Possibly the best refutation of the Argument from Silence is the fact that Anonymous2 clearly wants Bryan to break his silence with regard to the FAQ at!

tom writes:

If I wrote the Coke-a-Cola company and asked them to give me their secret formula to Coke and they replied saying they would not tell me the secret formula, then I should conclude that the Coke-a-Cola company does not know the secret formula to Coke.

Ragerz writes:

I agree that the point about testifying in trial is extremely invalid. Perhaps Caplan would be better off keeping his comments a little closer to his area expertise.

Often, innocent people are advised by their lawyers not to testify. That someone follows the advice of their lawyer is not a very good indicator of guilt.

Anonymous2 writes:

Since Caplan has thus far made no effort to address the arguments against capitalism made on, I think we can safely conclude he can't refute them and simply doesn't want to embarrass himself by mentioning the injustices of the capitalist system.

Lauren writes:

Hi, Anonymous2.

You said:

Since Caplan has thus far made no effort to address the arguments against capitalism made on, I think we can safely conclude he can't refute them and simply doesn't want to embarrass himself by mentioning the injustices of the capitalist system.

I think what we can safely conclude is that Dr. Caplan is busy with classes that have started up in the last few weeks, and responding to students, and scholarly research. The infoshop faq you reference is described thus on the website:

An infoshop is a cross between a radical bookstore and a movement archive. Activists go there to read or buy movement literature; buy paraphenalia such as stickers, masks and spray paint; attend meetings, lectures or films; or just plain hang out.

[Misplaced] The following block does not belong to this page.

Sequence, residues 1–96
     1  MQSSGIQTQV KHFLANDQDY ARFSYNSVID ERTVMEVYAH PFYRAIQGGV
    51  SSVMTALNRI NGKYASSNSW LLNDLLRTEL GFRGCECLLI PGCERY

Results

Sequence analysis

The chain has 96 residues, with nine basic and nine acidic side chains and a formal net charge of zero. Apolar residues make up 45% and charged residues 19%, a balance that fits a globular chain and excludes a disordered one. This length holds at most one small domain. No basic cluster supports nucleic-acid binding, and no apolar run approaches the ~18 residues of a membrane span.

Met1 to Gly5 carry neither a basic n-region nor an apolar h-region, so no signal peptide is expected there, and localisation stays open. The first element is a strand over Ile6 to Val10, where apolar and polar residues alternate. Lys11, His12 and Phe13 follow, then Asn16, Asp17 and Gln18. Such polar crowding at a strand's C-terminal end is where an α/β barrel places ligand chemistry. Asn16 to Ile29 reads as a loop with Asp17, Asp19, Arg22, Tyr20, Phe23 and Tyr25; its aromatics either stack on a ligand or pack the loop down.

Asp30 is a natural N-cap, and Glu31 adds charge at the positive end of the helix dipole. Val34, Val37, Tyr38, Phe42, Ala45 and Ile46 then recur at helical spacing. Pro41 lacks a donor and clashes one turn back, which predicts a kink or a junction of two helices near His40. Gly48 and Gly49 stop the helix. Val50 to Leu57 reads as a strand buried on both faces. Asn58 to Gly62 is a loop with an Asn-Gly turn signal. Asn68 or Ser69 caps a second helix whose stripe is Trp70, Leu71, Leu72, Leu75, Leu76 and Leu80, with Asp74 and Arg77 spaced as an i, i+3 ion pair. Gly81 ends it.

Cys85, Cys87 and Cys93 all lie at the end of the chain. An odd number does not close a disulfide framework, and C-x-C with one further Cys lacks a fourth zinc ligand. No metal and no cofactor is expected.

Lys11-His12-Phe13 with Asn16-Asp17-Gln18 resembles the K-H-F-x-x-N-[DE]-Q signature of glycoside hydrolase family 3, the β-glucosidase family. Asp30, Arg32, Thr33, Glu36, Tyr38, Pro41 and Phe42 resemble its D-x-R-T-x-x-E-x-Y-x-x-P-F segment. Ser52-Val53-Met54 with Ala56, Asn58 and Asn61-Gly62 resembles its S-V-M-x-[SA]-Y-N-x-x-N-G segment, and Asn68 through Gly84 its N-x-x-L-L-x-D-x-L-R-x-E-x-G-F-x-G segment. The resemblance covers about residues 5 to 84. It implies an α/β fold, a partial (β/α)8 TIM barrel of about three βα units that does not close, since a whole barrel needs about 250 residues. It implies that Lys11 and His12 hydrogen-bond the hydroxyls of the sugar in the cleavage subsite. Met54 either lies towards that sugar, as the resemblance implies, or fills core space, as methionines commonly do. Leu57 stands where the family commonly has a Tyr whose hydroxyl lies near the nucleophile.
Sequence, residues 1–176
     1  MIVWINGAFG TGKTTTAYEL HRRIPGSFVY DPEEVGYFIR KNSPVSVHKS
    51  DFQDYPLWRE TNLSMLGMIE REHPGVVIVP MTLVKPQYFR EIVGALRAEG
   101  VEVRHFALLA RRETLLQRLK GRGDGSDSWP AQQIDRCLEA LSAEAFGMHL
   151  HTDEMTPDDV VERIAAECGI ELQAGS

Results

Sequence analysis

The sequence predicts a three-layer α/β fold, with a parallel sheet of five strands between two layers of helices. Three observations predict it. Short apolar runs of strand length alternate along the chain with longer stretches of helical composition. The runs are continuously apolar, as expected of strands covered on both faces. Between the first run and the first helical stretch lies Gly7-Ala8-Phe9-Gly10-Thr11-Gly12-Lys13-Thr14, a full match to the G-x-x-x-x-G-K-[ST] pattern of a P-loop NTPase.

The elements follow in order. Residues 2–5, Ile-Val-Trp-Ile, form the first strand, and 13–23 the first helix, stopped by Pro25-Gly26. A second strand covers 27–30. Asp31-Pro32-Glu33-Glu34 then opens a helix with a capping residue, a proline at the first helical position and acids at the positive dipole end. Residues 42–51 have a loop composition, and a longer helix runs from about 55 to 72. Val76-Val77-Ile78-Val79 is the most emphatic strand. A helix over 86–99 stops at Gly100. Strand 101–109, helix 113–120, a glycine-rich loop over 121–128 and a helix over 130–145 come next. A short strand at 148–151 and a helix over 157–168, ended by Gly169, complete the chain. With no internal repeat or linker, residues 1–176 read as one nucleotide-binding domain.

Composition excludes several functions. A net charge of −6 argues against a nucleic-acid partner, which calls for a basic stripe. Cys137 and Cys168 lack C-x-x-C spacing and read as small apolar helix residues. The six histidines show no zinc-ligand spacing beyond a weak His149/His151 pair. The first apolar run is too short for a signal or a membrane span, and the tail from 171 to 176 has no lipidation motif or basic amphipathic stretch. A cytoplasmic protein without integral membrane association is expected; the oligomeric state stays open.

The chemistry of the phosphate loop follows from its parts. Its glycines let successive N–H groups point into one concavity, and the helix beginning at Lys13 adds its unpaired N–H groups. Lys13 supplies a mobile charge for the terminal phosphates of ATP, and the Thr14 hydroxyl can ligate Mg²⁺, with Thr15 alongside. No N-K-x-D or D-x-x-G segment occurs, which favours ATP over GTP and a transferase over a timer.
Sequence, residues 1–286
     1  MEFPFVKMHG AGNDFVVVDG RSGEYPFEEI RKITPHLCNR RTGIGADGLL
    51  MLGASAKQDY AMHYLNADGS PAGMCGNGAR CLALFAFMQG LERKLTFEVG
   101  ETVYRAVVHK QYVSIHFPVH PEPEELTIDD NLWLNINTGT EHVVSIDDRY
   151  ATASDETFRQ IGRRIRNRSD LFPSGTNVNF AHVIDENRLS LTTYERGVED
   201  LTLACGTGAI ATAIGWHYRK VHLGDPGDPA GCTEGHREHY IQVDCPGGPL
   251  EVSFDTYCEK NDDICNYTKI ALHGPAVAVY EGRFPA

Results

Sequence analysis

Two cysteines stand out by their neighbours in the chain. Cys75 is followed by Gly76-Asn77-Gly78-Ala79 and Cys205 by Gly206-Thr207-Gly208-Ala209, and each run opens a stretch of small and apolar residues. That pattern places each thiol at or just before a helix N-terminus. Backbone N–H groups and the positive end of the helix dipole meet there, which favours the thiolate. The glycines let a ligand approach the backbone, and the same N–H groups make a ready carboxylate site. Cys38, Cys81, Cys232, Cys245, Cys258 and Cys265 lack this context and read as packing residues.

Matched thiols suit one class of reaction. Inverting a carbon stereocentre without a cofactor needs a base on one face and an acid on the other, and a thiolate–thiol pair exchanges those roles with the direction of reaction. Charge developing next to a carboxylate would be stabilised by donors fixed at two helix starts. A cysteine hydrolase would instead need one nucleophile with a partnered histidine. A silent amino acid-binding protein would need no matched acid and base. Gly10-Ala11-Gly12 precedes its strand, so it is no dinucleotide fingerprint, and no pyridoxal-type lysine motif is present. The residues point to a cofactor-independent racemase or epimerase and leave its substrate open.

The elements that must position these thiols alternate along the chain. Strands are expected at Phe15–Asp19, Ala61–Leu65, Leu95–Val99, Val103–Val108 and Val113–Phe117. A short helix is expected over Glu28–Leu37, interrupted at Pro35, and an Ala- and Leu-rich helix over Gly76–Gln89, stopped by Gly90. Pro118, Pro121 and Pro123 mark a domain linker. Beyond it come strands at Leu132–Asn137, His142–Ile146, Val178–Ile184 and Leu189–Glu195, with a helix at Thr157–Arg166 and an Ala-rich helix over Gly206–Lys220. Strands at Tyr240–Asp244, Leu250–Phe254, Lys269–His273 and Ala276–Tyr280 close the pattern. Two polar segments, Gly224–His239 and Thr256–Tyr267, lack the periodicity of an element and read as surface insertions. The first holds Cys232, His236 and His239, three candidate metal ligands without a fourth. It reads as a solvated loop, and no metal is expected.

Buying stickers, masks, and spray paint, hanging out, etc., are not top priorities or well-spent time if one wants scholarly interaction. Capitalism is well-worth discussing. Short, dismissive fuses don't contribute to effective dialog on the subject.

An "Argument from Silence" is not about failure to address a topic altogether, but from running circles around the topic in the midst of appearing to address it. It's a deliberate sleight-of-hand, sufficiently deliberate that the absence is palpable--in fact, usually noticeable to one's opponents. Accidentally not noticing or not contributing to a discussion that is going on is not a good example of an argument from silence. Wikipedia is not always the best source for definitions of terms in philosophy, logic, economics, math, etc. EconLog should not be providing examples even more specious!

[Addendum: Anonymous2's followup comment in this thread has been removed for crude name-calling.]

Rodriguez12 writes:

Since apparently "crude name-calling", i.e. insinuating someone is too lazy to read a reference, is apparently off-limits, I'll more briefly state that Lauren's objections are empty since she seems to have missed the location of the faq in question: I've seen many arguments against liberty, but claiming that their is only about selling T-shirts or hanging out is a new one to me. :)

Lauren writes:


Crude name-calling in any form is not acceptable on EconLog.

Perhaps you are the person who also has posted comments as Anonymous2? Would you like to identify yourself to our readership? Your frequent comment references to the same page from the infoshop website make you look like the same person.

Name-calling is not usually about "insinuating someone is too lazy to read a reference." You associated these two matters for what reason?

Comments for this entry have been closed
Return to top